A new report on anti-Semitism in Russia for June-September 2020 was published in Moscow in October by the independent Center for Information and Analysis, SOVA. A month earlier, another study by a Russian think tank specializing in public opinion polls, the Levada Center, analyzed Russian attitudes to national minorities as well as to labor migrants. The quarterly report on anti-Semitism, as well as monthly monitoring by SOVA, indicate that Russia will register a similar number of anti-Semitic displays as in 2019 and 2018. In general, offenses related to anti-Semitism have been declining in the country for almost 10 years in a row.
Indeed, judging by this latest data, from January to September, there have been no attacks on Jews in the country, with only a minimal number of anti-Semitic statements made on social media and in the mainstream press. The attempted murder of Rabbi Yuri Tkach, the head of the Jewish community in Krasnodar, would probably be the hate crime of the year. The plot was hatched by activists of a cartoonish and unregistered organization, Citizens of the USSR, who do not recognize official Russian documents, carry old Soviet Union passports and refuse to obey Russian laws. The core of its activists are retired women. All of this has contributed to the fact that the police and the wider society did not take the group seriously.
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Nevertheless, according to the investigation, two Citizens found a potential assassin in September, providing Tkach’s personal data as well as an assembly knife and promising a high position in their organization in case of a “successful liquidation of the rabbi.” Although the assassination attempt was interrupted at this stage — the “killer” turned out to be an operative working undercover — the order itself can be considered real, given that the Soviet Citizens in Krasnodar had previously been distinguished by aggressive anti-Semitism and marginality.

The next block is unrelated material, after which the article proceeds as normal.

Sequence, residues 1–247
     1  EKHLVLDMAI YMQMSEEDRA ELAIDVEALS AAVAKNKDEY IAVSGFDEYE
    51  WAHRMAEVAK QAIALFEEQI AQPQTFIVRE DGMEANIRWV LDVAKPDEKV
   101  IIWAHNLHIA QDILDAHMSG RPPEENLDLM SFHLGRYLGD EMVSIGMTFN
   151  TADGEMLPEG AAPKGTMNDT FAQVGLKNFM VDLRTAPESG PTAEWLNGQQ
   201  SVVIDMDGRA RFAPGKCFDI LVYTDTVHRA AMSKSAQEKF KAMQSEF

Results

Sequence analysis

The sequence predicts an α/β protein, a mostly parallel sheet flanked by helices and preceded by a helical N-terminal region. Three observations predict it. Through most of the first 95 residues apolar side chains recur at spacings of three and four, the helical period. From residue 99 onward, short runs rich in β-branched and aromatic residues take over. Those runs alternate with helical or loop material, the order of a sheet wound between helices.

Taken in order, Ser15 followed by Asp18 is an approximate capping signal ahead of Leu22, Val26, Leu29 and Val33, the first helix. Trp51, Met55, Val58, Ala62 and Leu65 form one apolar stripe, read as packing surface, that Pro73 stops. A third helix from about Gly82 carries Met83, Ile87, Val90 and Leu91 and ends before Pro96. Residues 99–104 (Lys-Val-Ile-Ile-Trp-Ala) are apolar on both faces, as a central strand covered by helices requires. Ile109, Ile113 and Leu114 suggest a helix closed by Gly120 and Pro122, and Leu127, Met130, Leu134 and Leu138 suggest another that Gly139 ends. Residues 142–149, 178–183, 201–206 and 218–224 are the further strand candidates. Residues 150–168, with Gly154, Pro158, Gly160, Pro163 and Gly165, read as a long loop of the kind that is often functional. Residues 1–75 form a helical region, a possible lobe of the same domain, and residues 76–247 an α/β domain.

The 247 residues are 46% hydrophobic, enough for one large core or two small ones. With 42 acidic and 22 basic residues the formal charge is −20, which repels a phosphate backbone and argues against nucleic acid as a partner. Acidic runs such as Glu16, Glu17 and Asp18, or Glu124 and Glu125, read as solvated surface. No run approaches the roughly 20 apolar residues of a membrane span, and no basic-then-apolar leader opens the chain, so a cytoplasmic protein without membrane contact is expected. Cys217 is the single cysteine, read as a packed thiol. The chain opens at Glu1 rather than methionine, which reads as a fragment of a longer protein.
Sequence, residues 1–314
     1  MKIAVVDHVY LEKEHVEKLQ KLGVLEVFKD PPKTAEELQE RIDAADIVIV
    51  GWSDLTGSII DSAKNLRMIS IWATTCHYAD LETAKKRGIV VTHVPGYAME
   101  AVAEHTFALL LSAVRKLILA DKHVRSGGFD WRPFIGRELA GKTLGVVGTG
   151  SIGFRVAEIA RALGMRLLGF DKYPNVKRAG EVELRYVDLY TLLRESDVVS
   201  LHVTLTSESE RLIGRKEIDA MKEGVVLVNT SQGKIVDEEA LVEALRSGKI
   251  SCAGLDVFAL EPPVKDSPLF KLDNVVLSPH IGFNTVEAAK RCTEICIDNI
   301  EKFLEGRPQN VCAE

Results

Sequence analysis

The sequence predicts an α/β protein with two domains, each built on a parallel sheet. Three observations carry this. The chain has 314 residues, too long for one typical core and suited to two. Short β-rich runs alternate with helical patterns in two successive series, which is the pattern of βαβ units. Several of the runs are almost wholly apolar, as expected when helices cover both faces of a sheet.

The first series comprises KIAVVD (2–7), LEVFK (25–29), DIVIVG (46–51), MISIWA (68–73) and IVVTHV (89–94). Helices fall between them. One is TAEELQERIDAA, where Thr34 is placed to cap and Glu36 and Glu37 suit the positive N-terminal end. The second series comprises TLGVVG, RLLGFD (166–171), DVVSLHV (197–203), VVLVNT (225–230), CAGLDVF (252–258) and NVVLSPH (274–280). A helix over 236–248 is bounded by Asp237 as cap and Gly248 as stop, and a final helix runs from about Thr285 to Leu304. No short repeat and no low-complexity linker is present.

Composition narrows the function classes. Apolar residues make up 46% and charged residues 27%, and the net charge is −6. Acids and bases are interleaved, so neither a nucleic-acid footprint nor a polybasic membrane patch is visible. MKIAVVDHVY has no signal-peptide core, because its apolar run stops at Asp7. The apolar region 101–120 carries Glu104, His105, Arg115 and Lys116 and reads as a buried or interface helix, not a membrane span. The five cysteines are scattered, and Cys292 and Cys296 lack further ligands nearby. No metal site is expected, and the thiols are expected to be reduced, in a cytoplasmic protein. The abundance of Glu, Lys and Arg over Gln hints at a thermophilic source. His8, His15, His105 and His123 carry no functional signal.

In late July vandals damaged over 30 tombstones in the Jewish section of the January 9th Memorial Cemetery in Petersburg. In September, a drunken hooligan shouting anti-Semitic slogans failed to enter the premises of the Shamir community in the east of Moscow, threw a Hanukiah from the porch, tore down the sign with the name of the organization, broke the mailbox and knocked the license plate off the rabbi’s service car. To put these attacks in context, over the same time period, dozens of vandals attacked World War II memorials, monuments to Vladimir Lenin (that still decorate many squares in Russian cities) and even the statue of the great Russian poet Alexander Pushkin in Orsk.
Overall, the number of anti-Semitic incidents is lower than over the same period last year. All indications are that in 2020, there will also be fewer convictions for crimes previously committed on the grounds of anti-Semitism. On average, this picture is consistent with the previous two years.